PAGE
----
UNTIL comparatively recent times diesel sports cars tended to be experimental rather than real world creations.
Manufacturers would create a concept to prove a point – unveiling it at some motor show or other accompanied by the boast that it could travel from Land’s End to John O’Groats on a single tank of fuel.
They might subsequently attempt to gain as much publicity as possible from the project before binning the idea altogether on the basis no one would really want to buy a diesel sports car –especially a roadster.
Or would they?
There’s a long held belief diesel engines and sports cars generally - though open top motoring in particular – just don’t go together.
But as diesel engines have developed – becoming quieter, smoother and more refined – there’s really no reason why they shouldn’t.
That said my own preconceptions of a diesel-powered SLK were somewhat dismissive – at best I regarded it as an unusual entity.
But any doubts were soon dispelled when I got behind the wheel. The 250 CDI has enough going for it to persuade even the most die-hard diesel doubters and petrol-heads in the true sense of the word to take a closer look.
Refined to the point of barely even noticing it’s a diesel it’s pretty much a win win combination in every respect.
Looking at the SLK overall the second generation model is far classier than the original, characterized by design lines that give it more of the look of a mini SL.
It also manages to look good with its folding metal roof up or down. The easy and swiftly operating roof which was its big selling point when the original version was launched remains a great feature that really does make for the best of both worlds.
What more could you ask for than a hardtop two-seater that can fully insulate you against the worst the elements can throw at you in the depths of winter yet whose roof also folds away conveniently at the height of summer (whenever that might happen next) to create an ultimate convertible experience.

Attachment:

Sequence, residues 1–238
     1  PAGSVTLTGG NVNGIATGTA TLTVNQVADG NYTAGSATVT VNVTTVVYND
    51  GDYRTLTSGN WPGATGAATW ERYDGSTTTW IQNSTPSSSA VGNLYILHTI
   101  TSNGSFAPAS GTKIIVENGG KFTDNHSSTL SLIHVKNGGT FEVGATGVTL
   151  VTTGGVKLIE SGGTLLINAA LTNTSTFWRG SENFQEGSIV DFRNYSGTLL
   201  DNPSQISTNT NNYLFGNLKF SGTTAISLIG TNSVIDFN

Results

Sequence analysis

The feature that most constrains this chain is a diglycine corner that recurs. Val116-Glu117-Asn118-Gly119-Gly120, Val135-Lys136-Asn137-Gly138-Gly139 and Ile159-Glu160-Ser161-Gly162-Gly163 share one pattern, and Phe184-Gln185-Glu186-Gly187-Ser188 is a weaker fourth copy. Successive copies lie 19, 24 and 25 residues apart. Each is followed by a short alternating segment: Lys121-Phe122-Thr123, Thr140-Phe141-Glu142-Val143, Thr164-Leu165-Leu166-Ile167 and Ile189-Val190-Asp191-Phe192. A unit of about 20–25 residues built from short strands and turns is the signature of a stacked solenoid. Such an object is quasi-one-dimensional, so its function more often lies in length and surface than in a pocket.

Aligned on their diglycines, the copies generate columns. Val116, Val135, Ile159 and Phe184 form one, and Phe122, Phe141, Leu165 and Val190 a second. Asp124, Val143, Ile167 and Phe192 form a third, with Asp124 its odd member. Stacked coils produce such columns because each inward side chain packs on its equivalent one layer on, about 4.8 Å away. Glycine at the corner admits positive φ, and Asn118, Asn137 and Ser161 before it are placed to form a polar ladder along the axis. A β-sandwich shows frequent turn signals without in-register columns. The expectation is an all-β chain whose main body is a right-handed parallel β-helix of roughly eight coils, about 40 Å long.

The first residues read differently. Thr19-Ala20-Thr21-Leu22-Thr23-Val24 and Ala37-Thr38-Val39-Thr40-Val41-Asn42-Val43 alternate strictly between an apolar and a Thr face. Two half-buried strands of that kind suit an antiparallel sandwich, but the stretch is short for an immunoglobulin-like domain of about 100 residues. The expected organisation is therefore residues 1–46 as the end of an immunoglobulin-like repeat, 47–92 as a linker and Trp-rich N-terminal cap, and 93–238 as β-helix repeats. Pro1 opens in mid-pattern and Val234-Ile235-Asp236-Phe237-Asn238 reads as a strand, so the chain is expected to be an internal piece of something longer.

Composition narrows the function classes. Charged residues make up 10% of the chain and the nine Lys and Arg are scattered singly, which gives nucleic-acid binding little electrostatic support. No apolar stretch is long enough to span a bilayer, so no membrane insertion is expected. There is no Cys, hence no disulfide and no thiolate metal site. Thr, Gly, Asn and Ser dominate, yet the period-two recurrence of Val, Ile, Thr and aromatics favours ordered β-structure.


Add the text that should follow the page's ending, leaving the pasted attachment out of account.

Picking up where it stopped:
In terms of fit, finish and equipment it boasts the hallmarks of Mercedes excellence in every respect. Stiff and solid build with precision prevalent throughout – from the top quality switchgear to electronic aids and accessories that are wonderfully intuitive and easy to use.
The only thing I didn’t like was a speed limiter that felt just a little too close to the indicator stalk for my liking and many times I mistook it for such.
Given it’s a relatively small car the SLK’s cabin feels surprisingly roomy and the designers have done a good job of creating an eminently pleasant cocooned comfort zone.
Like all roadsters you sit low – almost at go-kart height – and being close to the ground heightens the sensation of speed. Though adding to the fun of driving it there’s also a certain vulnerability and even BMW X5s take on the appearance of mighty juggernauts from such a low view of the world.
Out on the road the SLK makes for both a decent and pleasant drive, its rear wheel drive adding much to its overall composure and excellent dynamics.
And, as one would expect when it comes to economy it has no equal.
So, would it get from Land’s End to John O’Groats on a single tank?
I don’t know to be honest but it managed a journey from Milton Keynes to Birmingham on less than a gallon of fuel - so performing such a feat might not be beyond the realms of possibility.
Mercedes-Benz SLK 250 CDI BlueEFFICIENCY AMG Sport
Mechanical: 201bhp, 2,143cc, 4cyl diesel engine driving rear wheels via 7-speed automatic gearbox
Max speed: 151mph
0-62mph: 6.7 seconds
Combined mpg: 56.5
Insurance group: 43
CO2 emissions: 132g/km
BIK rating: 20%
Warranty: 3yrs/ unlimited miles